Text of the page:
As the media whipped the entire East Coast into an anxiety-fueled frenzy over Hurricane Irene, I couldn’t help but wonder how the readers of this blog might react. If it was anything like most of the folks in downtown Washington D.C., they reacted with near-panic. Everyone ran around on Friday talking about bottled water, flashlights, sandbags and how bad the bad hurricane would really be.
It was strange, though, because they didn’t talk about how frightened they were to start up their minivans or drive home in their cars – or, for that matter, about how they were scared to catch a respiratory infection or be bitten by a dog. But in fact, you are much more likely to be harmed by driving or dogs or any of a thousand other things than to be hurt in a hurricane. Make no mistake: these are big storms and do real damage (I am from Louisiana and helped my mother dig out of her wrecked house after Hurricane Katrina, so I can attest to that.). But a healthy dose of perspective is in order. Prudence, yes. Panic, no.
Strange as it sounds, we might look on these kinds of events as not just a threat but an opportunity. Remaining holed up inside our houses with the kids and no electricity for 24 or more hours hardly seems desirable at first glance. But glance again. In the midst of our 24/7 lives, filled with electronic distractions and pressures from all sides, the chances to take a deep breath are fewer and fewer. Take them when they come.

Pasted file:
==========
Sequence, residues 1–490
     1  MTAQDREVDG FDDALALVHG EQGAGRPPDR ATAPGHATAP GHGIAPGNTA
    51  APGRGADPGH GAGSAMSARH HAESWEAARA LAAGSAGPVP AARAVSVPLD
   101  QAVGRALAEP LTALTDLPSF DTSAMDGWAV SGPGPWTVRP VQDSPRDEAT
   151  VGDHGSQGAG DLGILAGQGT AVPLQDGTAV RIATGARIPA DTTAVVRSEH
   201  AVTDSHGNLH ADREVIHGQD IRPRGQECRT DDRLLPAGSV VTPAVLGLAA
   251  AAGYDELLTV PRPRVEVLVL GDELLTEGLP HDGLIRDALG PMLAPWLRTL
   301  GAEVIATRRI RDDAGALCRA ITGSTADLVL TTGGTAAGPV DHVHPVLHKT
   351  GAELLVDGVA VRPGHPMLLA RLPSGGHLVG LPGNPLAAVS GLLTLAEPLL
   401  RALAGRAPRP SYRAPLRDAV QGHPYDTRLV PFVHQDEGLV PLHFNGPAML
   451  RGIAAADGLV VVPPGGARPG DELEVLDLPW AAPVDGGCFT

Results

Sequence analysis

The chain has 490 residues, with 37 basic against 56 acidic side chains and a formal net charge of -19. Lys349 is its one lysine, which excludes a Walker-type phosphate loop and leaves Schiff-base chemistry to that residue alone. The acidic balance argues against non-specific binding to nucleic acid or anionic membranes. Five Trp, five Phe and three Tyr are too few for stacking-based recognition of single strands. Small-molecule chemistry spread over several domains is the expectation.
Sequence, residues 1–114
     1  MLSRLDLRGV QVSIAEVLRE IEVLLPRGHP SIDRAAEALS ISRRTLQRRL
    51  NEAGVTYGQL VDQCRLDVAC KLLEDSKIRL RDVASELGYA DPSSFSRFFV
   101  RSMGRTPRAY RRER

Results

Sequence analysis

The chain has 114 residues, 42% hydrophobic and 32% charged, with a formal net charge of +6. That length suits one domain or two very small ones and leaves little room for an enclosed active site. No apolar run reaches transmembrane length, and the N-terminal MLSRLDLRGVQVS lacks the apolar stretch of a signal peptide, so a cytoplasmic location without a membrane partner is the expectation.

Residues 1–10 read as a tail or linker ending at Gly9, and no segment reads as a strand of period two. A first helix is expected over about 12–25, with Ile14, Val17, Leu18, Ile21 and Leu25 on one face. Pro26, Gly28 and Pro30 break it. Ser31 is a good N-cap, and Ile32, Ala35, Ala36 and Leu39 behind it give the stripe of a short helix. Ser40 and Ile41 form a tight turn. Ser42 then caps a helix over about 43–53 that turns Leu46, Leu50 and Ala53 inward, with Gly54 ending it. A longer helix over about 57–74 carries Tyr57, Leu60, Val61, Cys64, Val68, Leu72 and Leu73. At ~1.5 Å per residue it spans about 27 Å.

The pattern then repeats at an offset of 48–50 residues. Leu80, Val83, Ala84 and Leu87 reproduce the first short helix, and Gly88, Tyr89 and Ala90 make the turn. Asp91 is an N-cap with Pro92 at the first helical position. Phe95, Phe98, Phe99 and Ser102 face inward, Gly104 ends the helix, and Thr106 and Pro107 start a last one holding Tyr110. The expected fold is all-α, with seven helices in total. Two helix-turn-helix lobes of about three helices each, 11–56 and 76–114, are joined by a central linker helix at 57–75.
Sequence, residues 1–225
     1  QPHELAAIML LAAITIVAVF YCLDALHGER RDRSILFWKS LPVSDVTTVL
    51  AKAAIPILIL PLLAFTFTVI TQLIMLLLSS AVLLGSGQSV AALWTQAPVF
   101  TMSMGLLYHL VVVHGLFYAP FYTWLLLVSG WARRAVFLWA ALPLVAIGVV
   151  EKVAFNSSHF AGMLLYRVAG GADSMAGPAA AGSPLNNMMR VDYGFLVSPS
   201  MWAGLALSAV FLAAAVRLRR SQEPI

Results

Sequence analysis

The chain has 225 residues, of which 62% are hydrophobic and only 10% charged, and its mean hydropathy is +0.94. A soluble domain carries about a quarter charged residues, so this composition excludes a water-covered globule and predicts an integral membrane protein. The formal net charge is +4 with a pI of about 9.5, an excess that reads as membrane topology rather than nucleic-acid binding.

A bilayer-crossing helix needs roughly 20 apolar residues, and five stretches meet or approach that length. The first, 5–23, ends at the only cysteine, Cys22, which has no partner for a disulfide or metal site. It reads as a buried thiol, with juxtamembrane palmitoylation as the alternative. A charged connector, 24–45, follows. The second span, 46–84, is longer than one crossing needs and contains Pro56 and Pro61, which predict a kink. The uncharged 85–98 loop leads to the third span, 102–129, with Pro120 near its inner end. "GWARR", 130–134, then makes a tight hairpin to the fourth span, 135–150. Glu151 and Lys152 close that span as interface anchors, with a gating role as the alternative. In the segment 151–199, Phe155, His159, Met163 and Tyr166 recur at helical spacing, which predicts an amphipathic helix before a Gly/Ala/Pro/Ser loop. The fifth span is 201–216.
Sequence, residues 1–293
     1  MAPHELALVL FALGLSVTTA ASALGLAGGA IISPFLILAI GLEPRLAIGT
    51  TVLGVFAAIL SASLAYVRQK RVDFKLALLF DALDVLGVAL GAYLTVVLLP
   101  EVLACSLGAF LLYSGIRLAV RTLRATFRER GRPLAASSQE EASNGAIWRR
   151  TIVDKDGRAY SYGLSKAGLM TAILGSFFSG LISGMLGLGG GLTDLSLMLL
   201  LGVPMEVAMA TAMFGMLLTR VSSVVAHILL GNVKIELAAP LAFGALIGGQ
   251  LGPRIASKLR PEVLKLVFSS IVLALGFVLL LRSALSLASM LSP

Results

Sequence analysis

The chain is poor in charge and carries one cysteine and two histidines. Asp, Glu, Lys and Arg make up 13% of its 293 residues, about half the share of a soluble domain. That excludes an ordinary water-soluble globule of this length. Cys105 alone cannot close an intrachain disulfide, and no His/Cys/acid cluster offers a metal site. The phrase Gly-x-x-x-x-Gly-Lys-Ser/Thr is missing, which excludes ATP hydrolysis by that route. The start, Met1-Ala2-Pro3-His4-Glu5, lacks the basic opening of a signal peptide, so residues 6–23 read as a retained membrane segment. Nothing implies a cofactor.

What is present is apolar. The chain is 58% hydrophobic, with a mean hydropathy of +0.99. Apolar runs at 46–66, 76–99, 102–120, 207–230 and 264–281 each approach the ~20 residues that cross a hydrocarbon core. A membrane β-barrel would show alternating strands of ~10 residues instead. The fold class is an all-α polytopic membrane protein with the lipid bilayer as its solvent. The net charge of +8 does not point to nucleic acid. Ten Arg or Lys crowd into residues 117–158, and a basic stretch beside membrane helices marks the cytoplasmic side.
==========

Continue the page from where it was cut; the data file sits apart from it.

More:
It is still hurricane season, and we may see a repeat of the Irene frenzy. If we don’t, surely an impending blizzard will disturb minds across America’s northern reaches. When the family is hunkered down together, take a moment to be grateful – for being alive at this moment in history, surrounded by those you love.
This, after all, is the great challenge of life. It is easy to be happy and relaxed for the week a year spent on the beach vacation. It’s not hard to beam at your children as you watch their dance recitals or cheer on their t-ball games. It’s no effort to remember the love you share with your spouse at your anniversary dinner. The real challenge is to be grateful for all we have, and for all we love, in the many pedestrian moments – when things aren’t perfect, when they aren’t glamorous, when we are going back and forth to work and school, fixing lunches and broken toys, surrounded by our same old bricks and mortar, being distracted and tired and excited and bored.
It’s important in all these moments to realize how privileged we are, and how wonderful are our families, and how much meaning infuses our lives. Sometimes we need to quiet the mind in order to absorb our greatest gifts. Maybe next time, with rain lashing the windows, the wind blowing, and CNN droning on, we can take a moment to ponder all that.